In view of the foregoing, any reference to legislative history seems hardly necessary, yet, in fact, none of the numerous committee reports made during the long pendency of the measure before Congress shows any indication whatever of an intent to embrace Indian reservations of any kind, but they do show affirmatively an understanding that the only lands to be affected were public lands, western forest reserves, and lands withdrawn by various Executive orders to protect the minerals therein pending congressional action for their final disposal. Thus, in the report of the conference committee dated February 11, 1919, occur the following significant statements (65th Cong., 3d sess., H. Repts., vol. 2, H. R. 1059, p. 20):
This bill makes possible the leasing, in whole or in part, of approximately 700,000,000 acres of public land, approximately 365,000,000 acres of forest reserve, 35,000,000 acres of coal land, 6,000,000 acres of oil land, and 3,500,000 acres of phosphate land. Under present law all of this land may be passed to patent, without Government regulation, without Government royalties, and without the receipt of any remuneration by the Government, excepting such purchase price as may be provided for the patenting of the same.
This legislation is made necessary by certain withdrawals made by President Taft during his administration and later by President Wilson during his administration. Both Presidents Taft and Wilson and the Secretaries of the Interior under them have felt the necessity of passing this legislation.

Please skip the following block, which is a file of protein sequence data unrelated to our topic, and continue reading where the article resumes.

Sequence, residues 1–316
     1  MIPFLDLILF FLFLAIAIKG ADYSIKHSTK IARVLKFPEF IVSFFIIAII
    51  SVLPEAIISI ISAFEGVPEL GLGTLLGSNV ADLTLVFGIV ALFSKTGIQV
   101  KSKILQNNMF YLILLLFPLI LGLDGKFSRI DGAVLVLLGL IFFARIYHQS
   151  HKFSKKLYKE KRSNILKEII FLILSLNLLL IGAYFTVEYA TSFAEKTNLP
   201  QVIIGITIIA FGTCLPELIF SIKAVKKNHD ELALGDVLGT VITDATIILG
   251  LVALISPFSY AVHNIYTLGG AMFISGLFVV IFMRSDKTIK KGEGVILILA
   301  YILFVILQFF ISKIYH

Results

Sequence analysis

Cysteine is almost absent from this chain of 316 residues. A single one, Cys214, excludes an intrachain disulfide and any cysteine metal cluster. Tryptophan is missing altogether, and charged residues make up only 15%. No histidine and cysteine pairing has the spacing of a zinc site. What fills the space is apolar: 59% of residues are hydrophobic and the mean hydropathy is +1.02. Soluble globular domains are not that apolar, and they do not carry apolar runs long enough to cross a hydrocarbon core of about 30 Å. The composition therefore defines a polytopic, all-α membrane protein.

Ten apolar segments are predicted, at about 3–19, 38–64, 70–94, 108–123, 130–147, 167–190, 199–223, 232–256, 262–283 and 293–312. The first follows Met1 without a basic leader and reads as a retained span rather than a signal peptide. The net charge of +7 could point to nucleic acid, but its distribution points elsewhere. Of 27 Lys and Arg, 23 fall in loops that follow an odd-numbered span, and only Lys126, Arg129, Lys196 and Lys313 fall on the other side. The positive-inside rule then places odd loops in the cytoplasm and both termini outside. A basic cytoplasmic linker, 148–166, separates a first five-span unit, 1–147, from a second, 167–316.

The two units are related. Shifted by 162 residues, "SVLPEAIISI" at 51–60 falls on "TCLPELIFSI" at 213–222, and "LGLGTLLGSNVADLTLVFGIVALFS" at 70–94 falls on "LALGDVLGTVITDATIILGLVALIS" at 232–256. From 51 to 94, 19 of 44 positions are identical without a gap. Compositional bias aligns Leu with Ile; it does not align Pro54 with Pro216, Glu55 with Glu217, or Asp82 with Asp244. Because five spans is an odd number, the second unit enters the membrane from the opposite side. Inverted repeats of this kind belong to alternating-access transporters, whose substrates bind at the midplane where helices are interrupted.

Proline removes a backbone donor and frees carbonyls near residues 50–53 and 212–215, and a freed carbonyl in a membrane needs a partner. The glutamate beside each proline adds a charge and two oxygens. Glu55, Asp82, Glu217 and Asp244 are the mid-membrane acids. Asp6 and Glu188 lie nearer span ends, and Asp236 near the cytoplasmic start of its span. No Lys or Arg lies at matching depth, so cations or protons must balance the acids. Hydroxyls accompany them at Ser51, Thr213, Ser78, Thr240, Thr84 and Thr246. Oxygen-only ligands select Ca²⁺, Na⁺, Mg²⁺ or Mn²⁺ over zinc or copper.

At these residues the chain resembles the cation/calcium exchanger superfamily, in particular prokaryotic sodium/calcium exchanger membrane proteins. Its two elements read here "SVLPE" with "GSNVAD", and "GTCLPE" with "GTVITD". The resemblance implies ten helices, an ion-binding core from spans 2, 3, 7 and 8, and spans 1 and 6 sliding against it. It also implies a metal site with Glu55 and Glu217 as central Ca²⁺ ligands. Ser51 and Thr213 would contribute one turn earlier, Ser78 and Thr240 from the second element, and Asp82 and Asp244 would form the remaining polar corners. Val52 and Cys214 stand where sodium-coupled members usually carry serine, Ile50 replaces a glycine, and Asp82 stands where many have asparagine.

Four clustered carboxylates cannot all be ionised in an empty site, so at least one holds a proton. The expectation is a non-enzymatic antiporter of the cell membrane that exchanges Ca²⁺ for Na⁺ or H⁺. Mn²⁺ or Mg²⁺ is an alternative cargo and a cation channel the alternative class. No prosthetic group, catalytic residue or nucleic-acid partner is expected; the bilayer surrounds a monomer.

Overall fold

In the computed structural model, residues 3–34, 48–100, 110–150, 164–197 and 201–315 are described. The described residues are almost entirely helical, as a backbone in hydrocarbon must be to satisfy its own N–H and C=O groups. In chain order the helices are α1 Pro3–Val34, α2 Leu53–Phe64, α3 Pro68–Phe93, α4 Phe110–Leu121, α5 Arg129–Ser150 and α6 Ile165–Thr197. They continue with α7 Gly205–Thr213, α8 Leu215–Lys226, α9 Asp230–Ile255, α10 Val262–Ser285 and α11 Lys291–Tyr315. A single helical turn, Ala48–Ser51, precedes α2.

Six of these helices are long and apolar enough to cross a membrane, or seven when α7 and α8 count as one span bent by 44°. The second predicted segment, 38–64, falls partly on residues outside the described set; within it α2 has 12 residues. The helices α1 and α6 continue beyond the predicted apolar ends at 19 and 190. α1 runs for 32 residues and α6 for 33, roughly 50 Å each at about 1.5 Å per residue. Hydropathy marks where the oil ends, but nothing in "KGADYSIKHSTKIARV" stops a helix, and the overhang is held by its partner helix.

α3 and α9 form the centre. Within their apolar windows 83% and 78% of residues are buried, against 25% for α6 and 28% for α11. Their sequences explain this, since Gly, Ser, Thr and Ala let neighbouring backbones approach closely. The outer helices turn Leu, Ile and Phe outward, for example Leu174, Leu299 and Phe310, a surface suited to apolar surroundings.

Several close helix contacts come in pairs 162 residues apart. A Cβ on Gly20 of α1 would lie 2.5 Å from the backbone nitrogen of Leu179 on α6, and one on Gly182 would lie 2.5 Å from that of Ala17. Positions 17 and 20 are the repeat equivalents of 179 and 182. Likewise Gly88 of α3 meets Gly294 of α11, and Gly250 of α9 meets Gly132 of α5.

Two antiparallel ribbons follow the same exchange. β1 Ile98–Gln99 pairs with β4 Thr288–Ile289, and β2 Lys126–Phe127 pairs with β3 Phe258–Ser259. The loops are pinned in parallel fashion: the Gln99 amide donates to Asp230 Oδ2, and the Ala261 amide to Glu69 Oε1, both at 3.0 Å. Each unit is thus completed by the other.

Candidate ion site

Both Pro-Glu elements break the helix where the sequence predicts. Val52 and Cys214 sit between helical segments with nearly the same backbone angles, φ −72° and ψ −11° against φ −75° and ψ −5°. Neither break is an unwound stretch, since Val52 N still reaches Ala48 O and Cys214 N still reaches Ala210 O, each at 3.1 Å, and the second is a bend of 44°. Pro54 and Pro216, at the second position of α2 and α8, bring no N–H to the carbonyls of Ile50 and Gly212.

I might stop here; but the reasons advanced by the Secretary, reinforced as they have been by arguments and briefs submitted to me in behalf of lessees or permittees now exploring Executive order reservations under this legislation, seem to require some comment. The gist of the argument is that the President could not reserve the minerals for the Indians; that they remained the property of the United States and were therfore "deposits owned by the United States" in the meaning of the leasing act.
That the President had authority at the date of the orders to withdraw public lands and set them apart for the benefit of the Indians, or for other public purposes, is now settled beyond the possibility of controversy. (United States v. Midwest Oil Co., 236 U. S. 459; Mason v. United States, 260 U. S. 545.) And aside from this, the
general Indian allotment act of February 8, 1887 (24 Stat. 388, sec. 1), clearly recognizes and by necessary implication confirms Indian reservations "heretofore" or "hereafter" established by Executive orders.
Whether the President might legally abolish, in whole or in part, Indian reservations once created by him, has been seriously questioned (12 L. D. 205; 13 L. D. 628) and not without strong reason; for the Indian rights attach when the lands are thus set aside; and moreover, the lands then at once become subject to allotment under the general allotment act. Nevertheless, the President has in fact, and in a number of instances, changed the boundaries of Executive order Indian reservations by excluding lands therefrom, and the question of his authority to do so has not apparently come before the courts.
When by an Executive order public lands are set aside, either as a new Indian reservation or an addition to an old one, without further language indicating that the action is a mere temporary expedient, such lands are thereafter properly known and designated as an Indian reservation; and so long, at least, as the order continues in force the Indians have the right of occupancy and use, and the United States has the title in fee. (Spalding v. Chandler, 160 U. S. 394; In re Wilson, 140 U. S. 575.)
But a right of "occupancy" or "occupancy and use" in the Indians, with the fee title in the sovereign (the Crown, the original States, the United States), is the same condition of title which has prevailed in his country from the beginning, except in a few instances, like those of the Cherokees and Choctaws, who received patents for their new tribal lands on removing to the West. And the Indian right of occupancy is as sacred as the fee title of the sovereign.